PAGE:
3. I'm not suggesting to remove fromstringlist and tostringlist, but that they could be deprecated and simply call fromstring and tostring, that should use duck typing for doing what fromstringlist and tostringlist did.
msg350118 - (view) Author: Raymond Hettinger (rhettinger) * (Python committer) Date: 2019-08-21 22:12
Macro, we appreciate your sentiments.  Please consider this module has been around for a long time and that others aren't reacting to the API the same way you are.  Deprecating SubElement, fromstringlist() and tostringlist() because you don't like them will just cause disruption to existing, deployed code.  You're about 15 years too late for a design discussion ;-)  That ship has sailed. 

Your proposal to add a new feature for comparing elements is in the realm of the possible.  That said, the other respondents made a reasonable case the different people would want to do it differently.  Despite your insistence that only your way makes sense, we do have to consider other users as well.  The other respondents provided you with other ways to meet your needs. Their disinclination to not add this feature is backed-up by years of experience with this module and with lxml.

Communication note: Please do not go down of the path of making yourself the arbiter of what is Pythonic or standard.  The other core devs in this conversation are highly experienced.  Insulting them or the Fredrik Lundh's existing API won't help matters.

We should add a clear note to the docs:  "Comparing the string serialized XML should not be used to establish semantic equality.  The preferred ways are to use C14N canonicalization or to write a tree walker where the notion of equivalence can be customized to include/exclude attribute order, to include/exclude comments or processing instructions, to include/exclude whitespace at non-leaf nodes".
msg350160 - (view) Author: Marco Sulla (Marco Sulla) Date: 2019-08-22 06:04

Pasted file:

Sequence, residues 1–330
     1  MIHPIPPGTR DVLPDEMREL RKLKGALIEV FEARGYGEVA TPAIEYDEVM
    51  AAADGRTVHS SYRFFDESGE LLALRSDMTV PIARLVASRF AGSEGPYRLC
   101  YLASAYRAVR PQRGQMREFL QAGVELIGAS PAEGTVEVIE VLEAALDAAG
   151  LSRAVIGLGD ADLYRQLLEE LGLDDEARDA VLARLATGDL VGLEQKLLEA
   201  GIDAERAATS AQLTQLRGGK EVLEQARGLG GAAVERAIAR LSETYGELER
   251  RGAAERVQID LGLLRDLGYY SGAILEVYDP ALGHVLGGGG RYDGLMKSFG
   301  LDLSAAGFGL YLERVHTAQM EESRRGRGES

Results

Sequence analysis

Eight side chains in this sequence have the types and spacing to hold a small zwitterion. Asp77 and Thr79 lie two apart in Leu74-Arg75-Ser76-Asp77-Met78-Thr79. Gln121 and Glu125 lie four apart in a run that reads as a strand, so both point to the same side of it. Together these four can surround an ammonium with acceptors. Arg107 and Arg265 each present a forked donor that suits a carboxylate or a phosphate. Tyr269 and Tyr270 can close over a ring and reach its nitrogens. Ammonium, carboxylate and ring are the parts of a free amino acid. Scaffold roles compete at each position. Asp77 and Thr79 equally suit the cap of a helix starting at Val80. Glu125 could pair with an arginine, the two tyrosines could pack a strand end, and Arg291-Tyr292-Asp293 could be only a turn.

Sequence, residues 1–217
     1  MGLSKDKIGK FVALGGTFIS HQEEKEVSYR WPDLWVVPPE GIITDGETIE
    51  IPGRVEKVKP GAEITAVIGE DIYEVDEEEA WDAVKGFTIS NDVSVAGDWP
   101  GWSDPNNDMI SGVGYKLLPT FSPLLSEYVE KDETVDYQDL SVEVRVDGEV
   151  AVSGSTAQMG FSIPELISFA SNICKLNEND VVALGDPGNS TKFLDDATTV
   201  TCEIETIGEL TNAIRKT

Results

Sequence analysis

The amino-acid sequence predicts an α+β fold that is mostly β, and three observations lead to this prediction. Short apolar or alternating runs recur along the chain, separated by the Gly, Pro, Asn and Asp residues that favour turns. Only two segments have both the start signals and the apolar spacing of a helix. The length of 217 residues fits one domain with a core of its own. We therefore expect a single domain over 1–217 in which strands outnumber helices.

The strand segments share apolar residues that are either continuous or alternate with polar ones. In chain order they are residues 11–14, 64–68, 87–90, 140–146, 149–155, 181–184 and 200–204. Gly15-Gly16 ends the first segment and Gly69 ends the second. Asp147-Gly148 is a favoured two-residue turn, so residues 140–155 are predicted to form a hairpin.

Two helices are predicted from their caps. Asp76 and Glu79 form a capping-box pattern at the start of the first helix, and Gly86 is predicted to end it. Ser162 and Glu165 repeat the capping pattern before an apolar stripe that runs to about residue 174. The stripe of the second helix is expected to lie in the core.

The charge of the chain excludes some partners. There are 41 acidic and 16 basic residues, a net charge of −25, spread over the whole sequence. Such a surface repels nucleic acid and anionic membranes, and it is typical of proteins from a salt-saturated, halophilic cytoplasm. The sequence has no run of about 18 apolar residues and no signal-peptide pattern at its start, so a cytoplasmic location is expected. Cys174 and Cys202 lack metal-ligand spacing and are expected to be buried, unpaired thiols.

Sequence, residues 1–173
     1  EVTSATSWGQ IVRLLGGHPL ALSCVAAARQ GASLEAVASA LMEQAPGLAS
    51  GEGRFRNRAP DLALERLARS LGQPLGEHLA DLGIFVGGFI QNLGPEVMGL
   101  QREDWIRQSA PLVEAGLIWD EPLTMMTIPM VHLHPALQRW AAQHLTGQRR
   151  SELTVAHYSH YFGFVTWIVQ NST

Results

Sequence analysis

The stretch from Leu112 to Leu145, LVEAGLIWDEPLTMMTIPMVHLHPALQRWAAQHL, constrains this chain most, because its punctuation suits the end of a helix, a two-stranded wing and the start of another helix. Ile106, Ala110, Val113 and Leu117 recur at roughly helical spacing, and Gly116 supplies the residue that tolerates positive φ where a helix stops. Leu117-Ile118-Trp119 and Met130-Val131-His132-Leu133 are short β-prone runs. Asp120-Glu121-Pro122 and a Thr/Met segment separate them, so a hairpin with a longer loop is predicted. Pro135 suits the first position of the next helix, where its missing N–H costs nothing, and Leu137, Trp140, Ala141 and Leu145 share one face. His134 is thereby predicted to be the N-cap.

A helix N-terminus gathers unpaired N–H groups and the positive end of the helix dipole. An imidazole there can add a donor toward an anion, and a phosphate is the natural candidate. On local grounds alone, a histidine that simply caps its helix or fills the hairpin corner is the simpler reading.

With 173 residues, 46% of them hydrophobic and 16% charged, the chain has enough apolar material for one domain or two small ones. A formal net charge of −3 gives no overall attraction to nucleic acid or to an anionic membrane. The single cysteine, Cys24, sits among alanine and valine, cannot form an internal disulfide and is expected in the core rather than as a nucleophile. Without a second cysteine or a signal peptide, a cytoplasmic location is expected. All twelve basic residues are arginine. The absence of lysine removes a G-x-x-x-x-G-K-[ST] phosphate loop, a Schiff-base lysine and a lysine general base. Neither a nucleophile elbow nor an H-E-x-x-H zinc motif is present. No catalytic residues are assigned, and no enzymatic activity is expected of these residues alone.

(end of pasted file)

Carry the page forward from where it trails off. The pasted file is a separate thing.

"Deprecating [...] just cause disruption to existing, deployed code"

How? Deprecating is used just to maintain intact the already existing code...

"Please do not go down of the path of making yourself the arbiter of what is Pythonic or standard.  The other core devs in this conversation are highly experienced.  Insulting them or the Fredrik Lundh's existing API won't help matters"

I'm not insulting anyone, I just said *IMHO* it's not pythonic. 

I think the example of a tree created with a simple dictionary is a clear signal that Python, in the Guido's mind, was created with the intention that equality should check the content of the objects and not just the ids, as Java, for example, does, even for objects that must be traversed to see if they are equal to another one.

The fact you can check if two objects are equal using simply == is, _IMHO_, more elegant, simple and useful. The fact that == checks the ids is not useful at all, since I can do it with id(elem1) == id(elem2). So what's the purpose of == ?
msg350167 - (view) Author: Serhiy Storchaka (serhiy.storchaka) * (Python committer) Date: 2019-08-22 07:10
Closed since this issue contains several unrelated propositions, most of which have been rejected.

If you want to add helper functions for comparing Elements (shallow and deep, with and without taking and order of attributes to account, with and without ignoring whitespaces, etc), feel free to open a separate issue.
msg350242 - (view) Author: Marco Sulla (Marco Sulla) Date: 2019-08-22 23:30
Thanks, but telling the truth:

1. I just not use SubElement, even if it's more convenient. I just create an Element and I append to the parent one. It's much more clear IMHO

2. I do not use `fromstring` and all its friends. It was just a suggestion

3. I already copy/pasted from SO a function that serialize the Element. I do not want to waste time to do something that will be not used as `Element.__eq__()` implementation, as IMHO should be. 

See ya.
Date User Action Args
2019-08-22 23:30:48Marco Sullasetmessages: + msg350242
2019-08-22 07:10:25serhiy.storchakasetstatus: open -> closed
resolution: rejected
messages: + msg350167

stage: resolved
2019-08-22 06:04:02Marco Sullasetmessages: + msg350160
2019-08-21 22:12:20rhettingersetmessages: + msg350118
2019-08-21 21:51:45Marco Sullasetmessages: + msg350115
2019-08-10 18:46:32scodersetmessages: + msg349352
2019-08-10 18:38:34serhiy.storchakasetnosy: + serhiy.storchaka
messages: + msg349351
2019-08-10 18:31:26scodersetmessages: + msg349348
2019-08-08 18:34:00rhettingersetnosy: + rhettinger
messages: + msg349246
2019-08-08 10:34:13xtreaksetnosy: + scoder, eli.bendersky
2019-08-08 09:57:04Marco Sullacreate